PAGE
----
Republicans are most comfortable citing the perils of interfering in free markets. On this issue, however, they quietly agree that regulation is needed.
That's what he claimed on Meet the Press. Either he's lying or else an inane belief system guides his fiscal policy.
Progressives grapple with uncomfortable, frequently ignored questions raised by the president's agenda.
The vice president argued that putting bullets in his corpse was necessary to heal America's wounded heart. He knows not what he draws on.
Illegal immigrants under the age of 30 who were brought to the U.S. as children will no longer face deportation -- nor will they gain citizenship.
Democrats are divided about whether Jerusalem should be the capital of Israel. So what? They disagree on lots of more important things too.
The First Lady and her would-be successor shined this year. And maybe that's a problem for everyone save their husbands.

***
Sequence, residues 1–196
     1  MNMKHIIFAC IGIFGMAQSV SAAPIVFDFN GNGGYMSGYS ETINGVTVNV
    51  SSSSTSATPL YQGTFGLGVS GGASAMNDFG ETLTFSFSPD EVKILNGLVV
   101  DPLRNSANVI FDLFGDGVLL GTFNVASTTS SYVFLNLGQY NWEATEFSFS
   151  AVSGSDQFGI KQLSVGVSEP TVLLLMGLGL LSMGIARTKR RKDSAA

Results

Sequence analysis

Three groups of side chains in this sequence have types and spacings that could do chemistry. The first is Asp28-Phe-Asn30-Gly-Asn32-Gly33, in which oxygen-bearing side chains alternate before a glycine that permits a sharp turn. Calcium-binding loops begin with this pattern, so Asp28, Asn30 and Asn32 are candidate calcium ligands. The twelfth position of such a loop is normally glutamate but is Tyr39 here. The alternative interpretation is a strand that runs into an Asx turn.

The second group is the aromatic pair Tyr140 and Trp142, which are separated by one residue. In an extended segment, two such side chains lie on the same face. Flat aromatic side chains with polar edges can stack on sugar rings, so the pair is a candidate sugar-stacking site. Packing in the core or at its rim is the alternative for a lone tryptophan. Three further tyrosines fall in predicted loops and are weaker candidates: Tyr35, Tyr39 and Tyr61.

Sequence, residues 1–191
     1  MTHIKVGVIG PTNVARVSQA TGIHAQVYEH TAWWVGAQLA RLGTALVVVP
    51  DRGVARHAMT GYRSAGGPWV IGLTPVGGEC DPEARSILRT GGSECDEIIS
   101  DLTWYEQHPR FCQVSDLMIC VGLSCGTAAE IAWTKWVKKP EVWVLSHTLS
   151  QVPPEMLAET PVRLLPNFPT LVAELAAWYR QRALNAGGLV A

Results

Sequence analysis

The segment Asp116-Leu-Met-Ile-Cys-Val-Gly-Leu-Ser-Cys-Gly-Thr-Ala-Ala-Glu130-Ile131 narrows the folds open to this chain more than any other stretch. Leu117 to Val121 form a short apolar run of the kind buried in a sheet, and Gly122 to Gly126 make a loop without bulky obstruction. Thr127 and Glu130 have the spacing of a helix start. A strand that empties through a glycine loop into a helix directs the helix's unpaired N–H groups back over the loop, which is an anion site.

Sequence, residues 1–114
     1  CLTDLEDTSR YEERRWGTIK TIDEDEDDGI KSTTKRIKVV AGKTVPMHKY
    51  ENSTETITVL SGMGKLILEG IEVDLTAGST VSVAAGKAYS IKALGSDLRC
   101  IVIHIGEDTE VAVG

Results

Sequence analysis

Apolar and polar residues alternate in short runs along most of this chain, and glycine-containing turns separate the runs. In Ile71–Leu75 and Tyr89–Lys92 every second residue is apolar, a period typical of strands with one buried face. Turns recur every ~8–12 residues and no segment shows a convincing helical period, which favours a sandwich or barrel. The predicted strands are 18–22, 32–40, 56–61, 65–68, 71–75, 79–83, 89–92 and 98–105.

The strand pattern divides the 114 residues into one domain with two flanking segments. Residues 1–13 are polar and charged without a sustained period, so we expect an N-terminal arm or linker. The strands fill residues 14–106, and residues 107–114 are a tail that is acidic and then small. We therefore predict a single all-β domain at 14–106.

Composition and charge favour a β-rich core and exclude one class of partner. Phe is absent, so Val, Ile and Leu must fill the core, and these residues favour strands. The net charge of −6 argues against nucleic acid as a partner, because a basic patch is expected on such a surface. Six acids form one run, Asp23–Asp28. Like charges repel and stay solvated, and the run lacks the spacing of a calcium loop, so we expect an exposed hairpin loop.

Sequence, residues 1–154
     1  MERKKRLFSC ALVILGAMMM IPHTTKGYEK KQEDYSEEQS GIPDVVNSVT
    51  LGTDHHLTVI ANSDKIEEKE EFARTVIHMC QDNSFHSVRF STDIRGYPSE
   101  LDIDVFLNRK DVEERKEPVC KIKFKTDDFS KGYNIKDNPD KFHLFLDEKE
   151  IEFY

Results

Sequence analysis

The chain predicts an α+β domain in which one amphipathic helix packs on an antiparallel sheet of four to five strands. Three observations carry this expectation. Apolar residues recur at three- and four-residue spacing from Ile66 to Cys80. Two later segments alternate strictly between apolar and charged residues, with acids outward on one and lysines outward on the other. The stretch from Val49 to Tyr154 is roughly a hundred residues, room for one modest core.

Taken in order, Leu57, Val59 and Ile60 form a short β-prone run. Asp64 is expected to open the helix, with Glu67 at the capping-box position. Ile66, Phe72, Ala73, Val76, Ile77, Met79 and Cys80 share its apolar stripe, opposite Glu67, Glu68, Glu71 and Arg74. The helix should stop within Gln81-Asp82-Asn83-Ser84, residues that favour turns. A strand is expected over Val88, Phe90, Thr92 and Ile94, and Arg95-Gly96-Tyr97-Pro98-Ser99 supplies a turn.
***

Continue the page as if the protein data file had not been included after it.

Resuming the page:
Challenging President Obama on extrajudicial assassinations, a broadcast journalist whips out the "Reality Check."
He's more comfortable attacking Republicans than making the case for another Democrat. Unlike in 2008, that may not be enough.
Here's what countless North Carolinians see when driving down the freeway that runs alongside the Uptown neighborhood in Charlotte.
The most vocal defenders of civil liberties are operating outside the Democratic Party, whose insiders censured Bush and moved on.
The Democrats say they're throwing the most open and accessible convention in history. A critical report from the scene.
Before getting swept up in Romney-Ryan mania, scrutinize their promises. Even if kept, they won't balance the budget.
This is likely to be the biggest campaign speech of his career that won't focus largely on biography.
That's how Jeb Bush summed up his brother's legacy at the Republican National Convention. But it isn't so.
Comparing Mitt Romney's RNC speech to what the last Republican president with a successful foreign-policy record said
A survey of what's being worn on the floor of the Republican National Convention.
Police ought to be at major marches to keep order. But a presence as overwhelming as in Tampa, even far from the convention, has a chilling effect.
The GOP's 2008 nominee harkens back to Bush-era foreign policy with no acknowledgement or awareness of its failures.
Under pressure to show loyalty to his party and to critique its heresies against libertarianism, he does a lot of the former, not much of the latter.